South African mourners expressed anger and despair on Monday at the death of 21 teenagers in a beer parlour over the weekend, as investigating authorities said the youths were probably accidentally poisoned by something they ate, drank, or smoked.
The still unexplained deaths of the teens, some of whom were celebrating the end of school exams and others a birthday party, have brought an outpouring of grief and shocked a nation accustomed to injuries linked to a binge drinking culture.
Authorities ruled out an earlier-touted notion of a stampede.
Residents of Scenery Park, on the edge of East London, said they had asked authorities to close Enyobeni Tavern down weeks ago because it was serving under-aged kids.
The tavern’s licence was revoked on Monday.
At a prayer meeting at a local church, mourners and priests sang, prayed, drummed on hymn books, and cried over the loss of the youngsters.
“I’m so devastated. We are so angry,” Maxhabiso Sibotoboto, 50, whose 17-year-old granddaughter, Monelo, was among the dead, told Reuters by phone from a church memorial service for them. “People were complaining about the tavern. No one was happy about it. The community wanted the tavern to be shut.”
Ms Monelo did not live with her parents, because her father had died and her mother worked a long way from home, he said.
Pictures circulating on social media, still unverified by authorities, showed the bodies of youths lying scattered across the floor of the pub, some also seen motionless on tables and couches.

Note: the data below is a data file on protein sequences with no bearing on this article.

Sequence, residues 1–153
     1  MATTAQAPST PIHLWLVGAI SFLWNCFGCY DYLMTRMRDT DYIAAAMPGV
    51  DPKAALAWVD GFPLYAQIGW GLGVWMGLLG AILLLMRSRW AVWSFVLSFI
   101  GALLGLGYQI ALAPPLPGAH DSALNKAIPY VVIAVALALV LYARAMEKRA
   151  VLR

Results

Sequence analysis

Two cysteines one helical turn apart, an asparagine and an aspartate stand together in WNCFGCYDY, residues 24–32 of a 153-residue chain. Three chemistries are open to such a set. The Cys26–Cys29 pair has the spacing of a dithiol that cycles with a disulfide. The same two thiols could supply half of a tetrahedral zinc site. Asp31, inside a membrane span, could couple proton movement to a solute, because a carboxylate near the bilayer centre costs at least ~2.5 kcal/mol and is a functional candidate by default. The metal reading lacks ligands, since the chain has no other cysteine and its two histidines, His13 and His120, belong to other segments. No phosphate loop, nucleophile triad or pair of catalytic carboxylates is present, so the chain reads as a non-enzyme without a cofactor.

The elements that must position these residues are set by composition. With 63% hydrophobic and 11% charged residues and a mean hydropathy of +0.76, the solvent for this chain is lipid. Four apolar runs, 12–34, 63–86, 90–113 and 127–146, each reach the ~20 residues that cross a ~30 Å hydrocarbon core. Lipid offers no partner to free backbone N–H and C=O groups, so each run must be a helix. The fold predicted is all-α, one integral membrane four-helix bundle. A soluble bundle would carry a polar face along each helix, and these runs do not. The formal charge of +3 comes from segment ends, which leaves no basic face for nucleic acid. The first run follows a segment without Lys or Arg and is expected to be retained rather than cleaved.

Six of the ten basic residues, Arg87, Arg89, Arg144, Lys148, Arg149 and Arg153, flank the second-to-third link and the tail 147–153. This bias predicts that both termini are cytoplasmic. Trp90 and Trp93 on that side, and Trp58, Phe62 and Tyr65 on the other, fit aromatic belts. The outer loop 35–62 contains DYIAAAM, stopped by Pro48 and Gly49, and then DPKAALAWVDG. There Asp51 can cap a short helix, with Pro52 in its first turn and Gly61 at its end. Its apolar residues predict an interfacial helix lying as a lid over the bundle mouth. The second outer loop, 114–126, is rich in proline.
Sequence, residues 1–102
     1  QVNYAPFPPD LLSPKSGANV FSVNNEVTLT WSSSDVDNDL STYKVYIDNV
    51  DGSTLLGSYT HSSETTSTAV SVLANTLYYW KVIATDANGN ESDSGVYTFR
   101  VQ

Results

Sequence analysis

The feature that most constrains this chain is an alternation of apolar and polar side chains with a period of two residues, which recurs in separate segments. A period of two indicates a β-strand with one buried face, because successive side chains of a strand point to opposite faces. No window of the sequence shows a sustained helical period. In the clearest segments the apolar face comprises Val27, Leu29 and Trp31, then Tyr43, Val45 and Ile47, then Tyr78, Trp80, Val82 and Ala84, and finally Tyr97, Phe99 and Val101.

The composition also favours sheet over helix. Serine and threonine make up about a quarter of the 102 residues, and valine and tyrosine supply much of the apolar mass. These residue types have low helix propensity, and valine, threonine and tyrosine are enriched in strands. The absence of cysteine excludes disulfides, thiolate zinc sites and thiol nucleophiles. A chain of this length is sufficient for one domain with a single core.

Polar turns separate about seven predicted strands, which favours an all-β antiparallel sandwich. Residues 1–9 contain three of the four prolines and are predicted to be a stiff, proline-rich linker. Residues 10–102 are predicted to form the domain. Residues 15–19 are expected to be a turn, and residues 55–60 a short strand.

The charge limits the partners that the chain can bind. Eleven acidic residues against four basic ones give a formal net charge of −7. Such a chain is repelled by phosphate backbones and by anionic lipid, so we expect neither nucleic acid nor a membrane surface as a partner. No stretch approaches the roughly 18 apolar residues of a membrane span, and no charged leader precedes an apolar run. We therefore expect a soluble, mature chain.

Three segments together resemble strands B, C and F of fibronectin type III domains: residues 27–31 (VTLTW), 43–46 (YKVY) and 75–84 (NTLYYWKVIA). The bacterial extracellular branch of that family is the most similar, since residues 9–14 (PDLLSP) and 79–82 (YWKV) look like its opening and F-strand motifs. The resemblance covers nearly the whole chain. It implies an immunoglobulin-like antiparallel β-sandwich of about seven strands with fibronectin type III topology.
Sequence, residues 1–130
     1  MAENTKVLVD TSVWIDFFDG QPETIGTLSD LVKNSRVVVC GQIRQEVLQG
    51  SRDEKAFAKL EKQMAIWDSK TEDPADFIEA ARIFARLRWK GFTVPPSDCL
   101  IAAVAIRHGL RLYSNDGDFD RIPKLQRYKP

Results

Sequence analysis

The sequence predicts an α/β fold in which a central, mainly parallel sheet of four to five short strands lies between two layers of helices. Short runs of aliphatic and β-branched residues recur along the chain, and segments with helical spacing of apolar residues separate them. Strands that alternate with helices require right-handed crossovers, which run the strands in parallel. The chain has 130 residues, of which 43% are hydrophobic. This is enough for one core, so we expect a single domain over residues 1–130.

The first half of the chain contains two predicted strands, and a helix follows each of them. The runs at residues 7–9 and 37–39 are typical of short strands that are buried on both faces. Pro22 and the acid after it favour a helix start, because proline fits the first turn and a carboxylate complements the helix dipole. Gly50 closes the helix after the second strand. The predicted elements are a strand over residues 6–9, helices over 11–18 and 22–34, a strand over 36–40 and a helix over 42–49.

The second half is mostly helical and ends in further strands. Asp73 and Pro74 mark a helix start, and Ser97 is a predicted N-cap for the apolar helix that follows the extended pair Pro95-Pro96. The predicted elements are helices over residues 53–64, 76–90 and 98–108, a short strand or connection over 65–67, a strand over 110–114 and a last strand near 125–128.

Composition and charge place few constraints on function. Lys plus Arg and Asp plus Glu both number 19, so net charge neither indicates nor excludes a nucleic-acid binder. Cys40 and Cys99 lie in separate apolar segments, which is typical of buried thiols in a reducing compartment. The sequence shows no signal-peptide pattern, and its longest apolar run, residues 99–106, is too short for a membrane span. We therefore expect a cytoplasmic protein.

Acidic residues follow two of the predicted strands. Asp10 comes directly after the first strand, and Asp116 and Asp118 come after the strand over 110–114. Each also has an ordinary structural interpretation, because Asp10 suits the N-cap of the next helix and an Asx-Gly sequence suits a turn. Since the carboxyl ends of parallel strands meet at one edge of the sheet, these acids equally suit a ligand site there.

“We are so heartbroken, guys. We lost one of our family members, a child who was doing grade 12 (final year) this year. We can’t accept it,” said Yandiswa Ngqoza, an aunt, as she choked back tears outside the morgue dressed in black attire. “By the look of the child she has no visible injuries.”
Minutes earlier she had entered the morgue and identified her niece, whose name she did not disclose.
Eastern Cape police spokesperson Brigadier Tembinkosi Kinana told Reuters that the youngest victim was a 13-year-old girl.
An emotional police minister Bheki Cele had to pause speaking as he started weeping on Sunday, triggering cries among his audience outside a morgue.
“It is either something they ingested which will point to poisoning, whether it’s food or drinks, or it is something they inhaled,” Unathi Binqose, spokesperson for Eastern Cape’s provincial community safety department said by phone on Monday, ahead of a toxicology report still being awaited.
He said hookah pipes were visible in CCTV footage of the scene.
“We are ruling out a stampede,” he added, after initial media reports suggested this may have been the cause.
President Cyril Ramaphosa said on Sunday he was worried about the circumstances under which young people, at least some under the age of 18 years, were allowed to gather at the pub.
It is illegal to serve drinks to under-18s in South Africa.